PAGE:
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Clinical Archives of Communication Disorders > Volume 3(1); 2018 > Article
(Tony) Seikel: An Attentional View of Right Hemisphere Dysfunction


Right hemisphere dysfunction (RHD) arises from lesions to the right hemisphere. For people with a dominant left hemisphere, the form and content of language appear normal until deep testing is performed. People with RHD have a high likelihood of demonstrating left hemispatial neglect, including left visual neglect. They will also likely show narrative deficits arising from failure to consider the needs of the listener, as well as reduced affect in speech and facies arising from deficient processing of suprasegmental details and facial manifestations of emotion. While these deficits seem disparate and disconnected, examination of the lesion site and its relationship to attention deficit underscores the powerful contribution of attentional failure to RHD. Further, it is possible that deactivation of the non-dominant hemisphere results in reduced manifestation of the right hemisphere regions associated with empathy, compassion, and integrated sense of self. The purpose of this article is to provide an overview of RHD and its underpinnings, and to discuss clinical implications of RHD.


As speech-language pathologists we are familiar with the notion of left hemisphere damage and its tremendous impact on language and speech function. We are all conversant in the results of injury to the dominant hemisphere, including the numerous aphasias, agraphia, alexia, and so forth. This paper is an effort to describe “the other half.” RHD is something of the “silent partner” of left hemisphere dysfunction, but in many ways the result of right hemisphere lesion may be even more devastating to the individual than presence of aphasia. To this point, many of the deficits found in RHD may be attributed to a deficit of attention.
Expressive language presents as intact syntax, morphology, semantics and phonology, and all of these are largely within the domain of the dominant hemisphere [13]. An individual with RHD will likely have intact fine-motor control, will often show an absence of dysarthria or apraxia, and will have speech and language that appear quite normal on first investigation. The reason RHD is a “hidden” disorder is that it houses a striking constellation of problems, including a semantic deficit that appears to be rooted in a concreteness and that is not apparent upon casual observation [4]. There is likely a significant attentional element to the disorder, with a concomitant deficit in narrative language. Perhaps the most devastating component for both client and clinician is the client’s lack of awareness of the problem, because this is a significant barrier to clinical success [5].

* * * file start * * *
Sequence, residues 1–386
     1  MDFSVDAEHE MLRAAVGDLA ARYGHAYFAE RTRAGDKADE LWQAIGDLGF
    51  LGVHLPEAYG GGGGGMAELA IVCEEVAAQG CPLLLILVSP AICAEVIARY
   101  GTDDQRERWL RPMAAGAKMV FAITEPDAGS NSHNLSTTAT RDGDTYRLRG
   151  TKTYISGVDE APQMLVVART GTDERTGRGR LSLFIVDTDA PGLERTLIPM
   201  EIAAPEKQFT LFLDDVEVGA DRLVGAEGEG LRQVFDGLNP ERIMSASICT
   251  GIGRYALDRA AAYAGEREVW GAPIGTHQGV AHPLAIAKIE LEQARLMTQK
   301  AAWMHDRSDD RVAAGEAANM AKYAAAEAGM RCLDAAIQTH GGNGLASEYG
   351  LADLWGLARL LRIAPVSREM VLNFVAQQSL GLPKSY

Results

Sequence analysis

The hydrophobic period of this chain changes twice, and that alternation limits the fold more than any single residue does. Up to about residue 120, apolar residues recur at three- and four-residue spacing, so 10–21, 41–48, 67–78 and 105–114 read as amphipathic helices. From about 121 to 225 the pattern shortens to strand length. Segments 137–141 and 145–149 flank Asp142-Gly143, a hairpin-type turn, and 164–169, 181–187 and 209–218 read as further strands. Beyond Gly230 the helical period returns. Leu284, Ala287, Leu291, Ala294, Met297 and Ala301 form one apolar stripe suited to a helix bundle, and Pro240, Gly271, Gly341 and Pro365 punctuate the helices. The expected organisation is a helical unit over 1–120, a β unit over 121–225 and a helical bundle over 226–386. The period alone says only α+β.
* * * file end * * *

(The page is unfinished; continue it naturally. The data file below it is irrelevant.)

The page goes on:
Before beginning this discussion it is important to make a distinction and a clarification. We refer to the left hemisphere as the dominant hemisphere, and the right hemisphere as the non-dominant hemisphere. Dominant hemisphere is shorthand for dominant for language, which, for between 87% and 89% of the population is the left hemisphere [6]. Sensation from the left half of the body is delivered to the right hemisphere, and sensation from the right half of the body goes to the left hemisphere. Motor organization follows the same decussation pattern. The non-dominant hemisphere, then, is typically the right hemisphere. For the other 11–13% of the population who are left-handed the dominant hemisphere is often the right hemisphere. For a subset of these individuals, there may be mixed laterality, where language and other “typically” left-hemisphere functions are distributed between the two hemispheres. (It should be noted that Knecht et al. [7] found that about 7% of right handed people have right hemisphere dominance for language.) The caveat for this paper is that I will use the term “left hemisphere” as a proxy for “dominant hemisphere,” and “right hemisphere” to represent “non-dominant hemisphere.”
The goal of the present paper is to discuss the normal substrate, neurophysiology of attention and linguistic function of the right hemisphere, particularly related to differences between the left and right hemispheres. Following this will be a discussion of deficits found in RHD, particularly those of language (semantics and pragmatics), cognition, and attention, and specifically those related to hemispatial neglect and misidentification syndromes. Woven into this discussion are the personal and social impacts of RHD on the lives of the individuals and their families.

Normal substrate

It is important to distinguish left- and right-hemisphere function. While it is tempting to categorically identify specific locations to functions, the various regions of the brain actually operate within coordinated, distributed interactive systems [8]. The localizationist view of segregated functions for segregated structures has given way to a connectionist representation consisting of networks performing functions [9]. The reality of cortical function is that both hemispheres work together in intricate networks of interaction [10], and the complexity of this interaction is perhaps the strongest differentiator between cortical activity of humans and non-human primates [11]. That having been said, the neural networks required for complex cognitive and linguistic activities have developed in the context of specialized hemispheric centers.